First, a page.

Dick's Sporting Goods CEO Ed Stack said it's "too early to tell" how the company's decision to pull assault rifles from stores will affect the company's financial performance over the long term, but it won't be good. The Pittsburgh-based company was one of the first major retailers to take a firm stance on gun age restrictions, raising the minimum age for purchase to 21, following a deadly Valentine's Day shooting in Parkland, Florida. Walmart, Kroger and other retailers followed shortly thereafter with similar decisions.
"The announcement we made two weeks ago is not going to be positive from a traffic and sales standpoint," Stack told analysts and investors Tuesday during a conference call.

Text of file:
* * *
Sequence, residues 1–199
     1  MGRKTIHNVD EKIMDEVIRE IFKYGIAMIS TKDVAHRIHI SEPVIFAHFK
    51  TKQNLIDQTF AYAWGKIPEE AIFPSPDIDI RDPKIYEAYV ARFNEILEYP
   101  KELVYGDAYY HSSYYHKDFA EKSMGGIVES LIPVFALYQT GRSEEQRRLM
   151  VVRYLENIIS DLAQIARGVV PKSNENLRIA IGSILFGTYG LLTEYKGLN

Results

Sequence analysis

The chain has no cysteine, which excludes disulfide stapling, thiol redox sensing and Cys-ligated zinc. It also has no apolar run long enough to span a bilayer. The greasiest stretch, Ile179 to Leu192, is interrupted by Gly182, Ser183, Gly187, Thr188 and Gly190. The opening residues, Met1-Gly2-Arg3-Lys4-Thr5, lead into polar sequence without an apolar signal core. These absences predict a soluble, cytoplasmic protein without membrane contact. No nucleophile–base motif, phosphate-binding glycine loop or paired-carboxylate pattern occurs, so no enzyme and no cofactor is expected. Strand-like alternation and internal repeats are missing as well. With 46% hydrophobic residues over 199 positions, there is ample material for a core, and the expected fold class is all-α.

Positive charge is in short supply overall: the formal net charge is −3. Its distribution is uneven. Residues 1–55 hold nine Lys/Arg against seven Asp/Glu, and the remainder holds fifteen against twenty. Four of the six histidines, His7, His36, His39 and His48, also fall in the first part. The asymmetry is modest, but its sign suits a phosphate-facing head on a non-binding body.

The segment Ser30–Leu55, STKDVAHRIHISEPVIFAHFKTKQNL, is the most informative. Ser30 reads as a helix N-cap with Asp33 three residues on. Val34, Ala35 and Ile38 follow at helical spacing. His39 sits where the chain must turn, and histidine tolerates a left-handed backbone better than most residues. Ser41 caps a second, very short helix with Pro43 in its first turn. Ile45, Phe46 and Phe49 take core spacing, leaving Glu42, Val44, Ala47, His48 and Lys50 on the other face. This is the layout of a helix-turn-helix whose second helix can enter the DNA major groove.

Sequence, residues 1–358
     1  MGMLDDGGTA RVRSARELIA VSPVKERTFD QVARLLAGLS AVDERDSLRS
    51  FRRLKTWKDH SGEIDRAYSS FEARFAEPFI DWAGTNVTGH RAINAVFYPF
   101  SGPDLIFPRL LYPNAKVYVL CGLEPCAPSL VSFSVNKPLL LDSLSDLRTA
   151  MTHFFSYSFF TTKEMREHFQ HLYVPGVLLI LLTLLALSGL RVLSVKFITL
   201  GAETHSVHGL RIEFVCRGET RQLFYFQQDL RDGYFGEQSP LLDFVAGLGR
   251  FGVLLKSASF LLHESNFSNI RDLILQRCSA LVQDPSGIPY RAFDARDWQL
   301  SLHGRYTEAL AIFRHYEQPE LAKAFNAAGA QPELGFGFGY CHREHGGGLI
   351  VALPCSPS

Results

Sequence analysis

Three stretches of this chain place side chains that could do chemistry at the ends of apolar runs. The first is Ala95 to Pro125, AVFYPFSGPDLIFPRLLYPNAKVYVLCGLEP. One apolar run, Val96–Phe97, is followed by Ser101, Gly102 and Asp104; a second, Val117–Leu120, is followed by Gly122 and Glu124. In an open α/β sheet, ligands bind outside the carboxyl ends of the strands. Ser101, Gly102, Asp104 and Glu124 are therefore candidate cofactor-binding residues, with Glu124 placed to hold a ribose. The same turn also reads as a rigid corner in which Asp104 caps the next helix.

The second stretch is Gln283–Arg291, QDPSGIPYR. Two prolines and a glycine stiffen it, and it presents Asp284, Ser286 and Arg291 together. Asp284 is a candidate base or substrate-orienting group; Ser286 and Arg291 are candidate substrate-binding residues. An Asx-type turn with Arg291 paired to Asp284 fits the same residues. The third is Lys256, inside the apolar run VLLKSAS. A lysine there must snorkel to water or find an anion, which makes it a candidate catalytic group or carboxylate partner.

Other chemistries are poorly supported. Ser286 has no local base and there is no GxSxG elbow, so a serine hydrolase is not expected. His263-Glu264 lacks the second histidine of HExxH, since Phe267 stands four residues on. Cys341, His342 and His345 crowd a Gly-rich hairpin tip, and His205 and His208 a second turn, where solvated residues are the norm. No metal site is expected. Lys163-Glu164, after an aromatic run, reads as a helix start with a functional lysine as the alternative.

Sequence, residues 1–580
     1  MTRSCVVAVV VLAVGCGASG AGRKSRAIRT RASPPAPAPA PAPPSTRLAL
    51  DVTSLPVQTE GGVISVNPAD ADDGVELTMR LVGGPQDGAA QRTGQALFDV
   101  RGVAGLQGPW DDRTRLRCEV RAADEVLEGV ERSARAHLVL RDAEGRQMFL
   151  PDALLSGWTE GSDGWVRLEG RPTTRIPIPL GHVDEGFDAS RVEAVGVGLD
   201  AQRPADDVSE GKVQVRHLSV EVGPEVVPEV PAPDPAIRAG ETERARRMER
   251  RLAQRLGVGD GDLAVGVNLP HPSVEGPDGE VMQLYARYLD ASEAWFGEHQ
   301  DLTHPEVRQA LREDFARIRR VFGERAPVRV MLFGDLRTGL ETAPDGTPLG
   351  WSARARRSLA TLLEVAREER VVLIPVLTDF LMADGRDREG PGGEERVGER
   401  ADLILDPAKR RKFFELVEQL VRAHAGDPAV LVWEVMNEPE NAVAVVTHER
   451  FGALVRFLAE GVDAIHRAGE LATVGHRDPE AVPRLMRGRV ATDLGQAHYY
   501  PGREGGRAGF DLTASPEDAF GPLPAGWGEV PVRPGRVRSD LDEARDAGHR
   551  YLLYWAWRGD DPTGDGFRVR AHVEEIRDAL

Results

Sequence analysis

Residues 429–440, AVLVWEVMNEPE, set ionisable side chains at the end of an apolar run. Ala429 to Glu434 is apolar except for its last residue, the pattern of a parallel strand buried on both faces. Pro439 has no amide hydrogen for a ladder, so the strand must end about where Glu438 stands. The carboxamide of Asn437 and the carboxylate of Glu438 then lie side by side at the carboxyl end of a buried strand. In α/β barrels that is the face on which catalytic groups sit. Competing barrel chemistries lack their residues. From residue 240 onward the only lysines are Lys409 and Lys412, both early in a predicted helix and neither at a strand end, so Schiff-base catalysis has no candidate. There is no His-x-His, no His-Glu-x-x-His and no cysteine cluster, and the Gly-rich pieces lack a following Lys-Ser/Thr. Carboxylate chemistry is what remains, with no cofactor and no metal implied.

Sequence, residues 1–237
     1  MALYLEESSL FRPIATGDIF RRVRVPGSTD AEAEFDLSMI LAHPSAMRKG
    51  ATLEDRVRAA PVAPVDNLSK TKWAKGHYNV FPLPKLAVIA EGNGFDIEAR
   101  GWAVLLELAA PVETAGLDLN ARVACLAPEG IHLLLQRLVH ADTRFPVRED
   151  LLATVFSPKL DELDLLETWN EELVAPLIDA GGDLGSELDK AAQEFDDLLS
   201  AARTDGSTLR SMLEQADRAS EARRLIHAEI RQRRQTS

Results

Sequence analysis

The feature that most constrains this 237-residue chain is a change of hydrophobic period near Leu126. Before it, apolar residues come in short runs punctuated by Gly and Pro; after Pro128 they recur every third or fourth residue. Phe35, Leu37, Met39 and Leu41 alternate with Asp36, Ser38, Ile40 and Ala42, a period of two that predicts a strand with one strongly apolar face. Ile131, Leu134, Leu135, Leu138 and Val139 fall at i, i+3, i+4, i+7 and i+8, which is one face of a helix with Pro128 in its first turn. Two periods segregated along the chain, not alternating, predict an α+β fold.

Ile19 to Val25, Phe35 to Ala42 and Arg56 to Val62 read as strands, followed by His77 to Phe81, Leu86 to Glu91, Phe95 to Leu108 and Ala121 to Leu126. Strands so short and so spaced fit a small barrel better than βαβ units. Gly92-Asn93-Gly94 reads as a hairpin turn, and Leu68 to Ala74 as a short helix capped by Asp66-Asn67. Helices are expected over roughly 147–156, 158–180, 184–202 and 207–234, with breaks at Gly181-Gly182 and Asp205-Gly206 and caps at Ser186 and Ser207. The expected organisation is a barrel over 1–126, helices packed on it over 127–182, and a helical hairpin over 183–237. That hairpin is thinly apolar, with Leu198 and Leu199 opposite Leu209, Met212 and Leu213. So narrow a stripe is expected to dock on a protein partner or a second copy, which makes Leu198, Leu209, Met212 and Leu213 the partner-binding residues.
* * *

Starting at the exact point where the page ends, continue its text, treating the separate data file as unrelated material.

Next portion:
Total Retail's Take: I give Stack and Dick's board of directors credit for taking a stand on the divisive issue of gun control — whether you agree with their position or not — knowing full well that doing so would adversely affect its business. Today's consumers are increasingly looking for the brands and retailers they shop with to take a stance on social and political issues, as this is one of many factors they consider when making purchase decisions. A recent study from Sprout Social found that nearly two-thirds of consumers responded that it was either “Somewhat Important” or “Very Important” for brands to take a stand on social/political issues, with only 11 percent saying it was “Not at All Important.” It's easy to speak up and make business decisions when there's little on the line — is anyone really against retailers being more environmentally sustainable, for example — but it's a lot harder when your actions could alienate customers and have negative consequences on the company's bottom line.